Information | 09.06.2023 | By Teresa Quail

The role of the Qualified Teacher of Deaf Children and Young People

Every Local/Education Authority must make adequate provision for the range of needs within its service. This document is written to inform Children’s Services, teachers and their line managers, potential Teachers of Deaf Children and Young People (ToDs) of the range of tasks and skills that are part of the competences required by their nation’s government to meet the specialist mandatory qualification for ToDs*. It is important to identify the role of the Qualified Teacher of Deaf Children and Young People (QToD) and what it brings to the individual deaf learner and to the educational provision for that learner.

This is not an exhaustive list – some QToDs will not be involved in every item and there may be other situations where the QToD is expected to be active. Throughout this document the term ‘deaf’ is used to denote all types of deafness, from mild to profound. This includes deafness in one ear or temporary deafness such as glue ear.

Who is a QToD?

A QToD is a qualified teacher with the skills and knowledge required to provide quality teaching to mainstream learners and with the additional mandatory qualification and expertise in teaching deaf learners. The mandatory qualifications across the UK equip QToDs to work with deaf children and young people from birth to young adulthood. The upper age limit is regulated by each of the respective four UK governments but can be up to 25 years.

What does the QToD do?

  1. Specialist assessments and interpretation of results
    • Interpretation of audiological information and explaining this to those involved with the deaf learner
    • Testing and monitoring levels of deafness
    • Testing and monitoring hearing aid settings
    • Assessing and monitoring functional hearing levels
    • Monitoring the acoustic environment in the school environment and advising on ways to improve it for the deaf learner
    • Assessing the full range of communication and language levels: including use of sign and spoken language and any other modes of communication
    • Ensuring that schools and other settings apply for appropriate access arrangements for statutory assessments and examinations and providing specialist assessments where necessary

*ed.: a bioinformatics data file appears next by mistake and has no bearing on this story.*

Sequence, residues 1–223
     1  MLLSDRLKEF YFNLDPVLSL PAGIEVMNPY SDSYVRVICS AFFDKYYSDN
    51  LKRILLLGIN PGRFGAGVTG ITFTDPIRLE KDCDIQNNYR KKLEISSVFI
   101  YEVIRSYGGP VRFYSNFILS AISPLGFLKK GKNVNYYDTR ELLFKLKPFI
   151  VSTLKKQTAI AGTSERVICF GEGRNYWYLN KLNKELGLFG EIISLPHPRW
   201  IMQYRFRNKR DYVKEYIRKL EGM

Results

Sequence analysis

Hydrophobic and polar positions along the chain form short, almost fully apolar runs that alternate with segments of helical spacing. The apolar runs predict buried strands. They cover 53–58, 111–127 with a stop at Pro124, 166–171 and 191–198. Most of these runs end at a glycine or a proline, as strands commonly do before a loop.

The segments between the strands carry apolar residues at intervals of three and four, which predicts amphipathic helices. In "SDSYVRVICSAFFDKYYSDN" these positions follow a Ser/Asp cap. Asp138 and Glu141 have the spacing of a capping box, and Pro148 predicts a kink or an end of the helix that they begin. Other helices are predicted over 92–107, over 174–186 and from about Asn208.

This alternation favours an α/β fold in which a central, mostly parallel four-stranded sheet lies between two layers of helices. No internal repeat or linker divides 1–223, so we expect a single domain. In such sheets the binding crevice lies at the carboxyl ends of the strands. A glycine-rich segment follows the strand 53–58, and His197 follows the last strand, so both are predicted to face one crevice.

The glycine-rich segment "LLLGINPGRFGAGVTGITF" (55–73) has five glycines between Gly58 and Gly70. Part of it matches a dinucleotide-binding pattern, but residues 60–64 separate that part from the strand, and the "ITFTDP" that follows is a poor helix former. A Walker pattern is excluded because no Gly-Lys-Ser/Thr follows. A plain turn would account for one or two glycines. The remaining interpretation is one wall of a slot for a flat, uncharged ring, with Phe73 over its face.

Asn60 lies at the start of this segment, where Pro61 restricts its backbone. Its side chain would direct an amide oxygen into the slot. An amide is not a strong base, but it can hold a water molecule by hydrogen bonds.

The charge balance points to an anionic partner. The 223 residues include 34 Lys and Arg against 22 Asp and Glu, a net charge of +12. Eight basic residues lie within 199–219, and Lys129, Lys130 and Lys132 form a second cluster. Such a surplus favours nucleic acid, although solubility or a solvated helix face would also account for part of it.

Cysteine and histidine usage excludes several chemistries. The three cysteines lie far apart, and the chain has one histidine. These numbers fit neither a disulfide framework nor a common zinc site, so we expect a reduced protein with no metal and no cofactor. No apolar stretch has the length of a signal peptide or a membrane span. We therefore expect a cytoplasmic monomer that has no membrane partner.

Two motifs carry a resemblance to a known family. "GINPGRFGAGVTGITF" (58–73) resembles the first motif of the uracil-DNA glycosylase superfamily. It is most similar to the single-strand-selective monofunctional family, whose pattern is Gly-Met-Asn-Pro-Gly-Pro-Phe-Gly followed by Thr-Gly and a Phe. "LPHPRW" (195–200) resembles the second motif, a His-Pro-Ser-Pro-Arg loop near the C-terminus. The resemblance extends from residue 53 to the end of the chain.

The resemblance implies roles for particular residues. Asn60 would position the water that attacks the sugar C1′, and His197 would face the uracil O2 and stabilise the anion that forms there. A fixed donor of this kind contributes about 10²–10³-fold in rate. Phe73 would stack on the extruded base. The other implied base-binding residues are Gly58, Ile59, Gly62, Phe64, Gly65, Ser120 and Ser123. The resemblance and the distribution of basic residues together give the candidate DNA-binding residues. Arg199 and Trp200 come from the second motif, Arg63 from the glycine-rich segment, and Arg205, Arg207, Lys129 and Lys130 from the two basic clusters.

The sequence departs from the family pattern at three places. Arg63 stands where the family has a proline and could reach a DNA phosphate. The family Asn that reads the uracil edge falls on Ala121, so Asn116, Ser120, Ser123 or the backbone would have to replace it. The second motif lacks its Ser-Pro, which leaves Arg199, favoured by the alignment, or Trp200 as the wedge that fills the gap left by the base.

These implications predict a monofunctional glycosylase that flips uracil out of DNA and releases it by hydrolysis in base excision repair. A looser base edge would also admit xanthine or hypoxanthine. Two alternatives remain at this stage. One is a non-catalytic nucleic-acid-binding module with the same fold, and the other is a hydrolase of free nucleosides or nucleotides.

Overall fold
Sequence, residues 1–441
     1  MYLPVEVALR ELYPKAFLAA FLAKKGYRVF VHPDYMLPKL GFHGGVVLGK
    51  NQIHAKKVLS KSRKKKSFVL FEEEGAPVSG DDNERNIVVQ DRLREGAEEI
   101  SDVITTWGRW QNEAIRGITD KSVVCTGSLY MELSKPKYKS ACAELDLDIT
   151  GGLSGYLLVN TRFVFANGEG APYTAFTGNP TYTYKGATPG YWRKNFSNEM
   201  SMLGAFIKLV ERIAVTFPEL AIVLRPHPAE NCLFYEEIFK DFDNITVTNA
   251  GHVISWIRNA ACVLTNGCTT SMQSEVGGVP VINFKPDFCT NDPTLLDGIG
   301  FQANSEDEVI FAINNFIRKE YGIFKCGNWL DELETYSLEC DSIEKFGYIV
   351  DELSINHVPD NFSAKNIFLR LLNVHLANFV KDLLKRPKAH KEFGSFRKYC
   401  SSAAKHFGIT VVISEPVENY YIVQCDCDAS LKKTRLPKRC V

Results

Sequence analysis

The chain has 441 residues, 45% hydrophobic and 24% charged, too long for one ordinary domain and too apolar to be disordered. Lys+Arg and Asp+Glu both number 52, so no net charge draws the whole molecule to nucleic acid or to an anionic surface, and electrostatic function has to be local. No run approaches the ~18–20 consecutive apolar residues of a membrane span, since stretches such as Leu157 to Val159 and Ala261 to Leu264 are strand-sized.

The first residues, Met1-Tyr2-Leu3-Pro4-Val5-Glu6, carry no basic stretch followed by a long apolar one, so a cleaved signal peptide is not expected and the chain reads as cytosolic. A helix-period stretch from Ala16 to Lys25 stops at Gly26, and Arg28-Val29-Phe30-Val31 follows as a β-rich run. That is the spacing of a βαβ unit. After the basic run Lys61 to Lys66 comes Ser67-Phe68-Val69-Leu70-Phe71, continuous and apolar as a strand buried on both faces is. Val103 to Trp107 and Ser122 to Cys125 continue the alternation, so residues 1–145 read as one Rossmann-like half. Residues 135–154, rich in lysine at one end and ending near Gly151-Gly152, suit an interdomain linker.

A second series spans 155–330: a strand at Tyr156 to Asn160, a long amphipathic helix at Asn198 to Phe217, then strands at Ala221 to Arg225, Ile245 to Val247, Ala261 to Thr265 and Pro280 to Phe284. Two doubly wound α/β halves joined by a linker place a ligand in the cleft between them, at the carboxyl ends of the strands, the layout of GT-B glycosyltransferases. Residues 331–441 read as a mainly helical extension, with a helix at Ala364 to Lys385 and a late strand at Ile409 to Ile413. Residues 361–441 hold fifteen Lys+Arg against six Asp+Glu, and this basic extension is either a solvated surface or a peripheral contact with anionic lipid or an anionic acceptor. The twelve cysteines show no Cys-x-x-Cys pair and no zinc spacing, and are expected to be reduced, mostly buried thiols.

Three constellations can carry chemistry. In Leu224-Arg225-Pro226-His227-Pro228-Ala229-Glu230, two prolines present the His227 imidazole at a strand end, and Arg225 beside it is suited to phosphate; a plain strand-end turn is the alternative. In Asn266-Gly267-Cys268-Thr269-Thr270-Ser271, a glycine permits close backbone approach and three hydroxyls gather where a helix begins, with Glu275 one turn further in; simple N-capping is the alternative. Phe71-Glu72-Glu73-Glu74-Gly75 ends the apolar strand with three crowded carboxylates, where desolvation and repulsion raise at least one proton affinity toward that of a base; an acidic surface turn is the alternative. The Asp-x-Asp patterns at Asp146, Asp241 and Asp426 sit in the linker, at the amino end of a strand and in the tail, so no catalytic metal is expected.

• Supporting setting to assess and monitor educational and other outcomes
    • Participation in multi-agency assessment to identify overall needs and progress of the deaf learner
    • Contribution to mainstream monitoring and review of progress in accordance with the UK nation’s respective Code of Practice, statutory requirements, legislation and guidance.
    • Fitting and monitoring assistive listening devices.
  2. Provision of advice
    • Discussing the implications of deafness with the learner, parents and families, teachers, all involved agencies especially in the context of education.
    • Sharing information about communication modes.
    • Discussion of amplification needs and technological aids.
    • Intervention and implementing strategies to meet identified needs.
    • Sharing information about other support available.
    • Providing information about educational provision; early years/schools/colleges and other educational settings.
  3. Direct teaching through an enriched language input through:
    • whole class teaching
    • small group teaching
    • team teaching
    • 1:1 with the deaf learner
    • subject specialism
    • key stage specialism
    • holistic support
    • individualised learning programme
    • pre-tutoring
    • post tutoring.
  4. Partnership working A QToD plays an important part in the production of joint assessments, target setting programmes of work and visits to enable the effective support of the whole family. This will involve cooperation and joint working with a range of professionals in:
    • schools and other settings, such as with support staff and Communication Support Workers including in supporting access to assessments and examinations
    • audiology and oto-acoustics
    • general practice
    • early years and educational settings
    • social care
    • speech and language therapy
    • mental health
    • educational psychologists
    • a range of educational support services.
  5. Working with learners and families:
    • provision of clear impartial information
    • enabling the learner and family to express their view
    • facilitating family and learner access to professional and extended services
    • providing relevant and appropriate support.
  6. Continuing Professional Development:
    • keeping abreast of mainstream and specialist developments to inform practice
    • keeping up to date with audiological developments and technological developments
    • using assessments and interpreting outcomes
    • keeping abreast of strategies in education regulated by the respective four UK Governments.


The role of the QToD is diverse. Some QToDs may be employed as

  • a QToD in a School for the Deaf
  • a QToD in a school-based resource provision
  • an auditory implant/cochlear implant QToD
  • A pre-school QToD
  • A post 16 QToD
  • A freelance QToD working as a Specialist Support Professional in higher education

Here are some case studies of different QToD roles

Some QToDs, who have successfully completed the additional training, may be employed as Educational Audiologists

NDCS created this short video about the importance of the role of the QToD

Page created by BATOD NEC and updated in June 2023.


*Department for Education (2023)/Scottish Government (2007)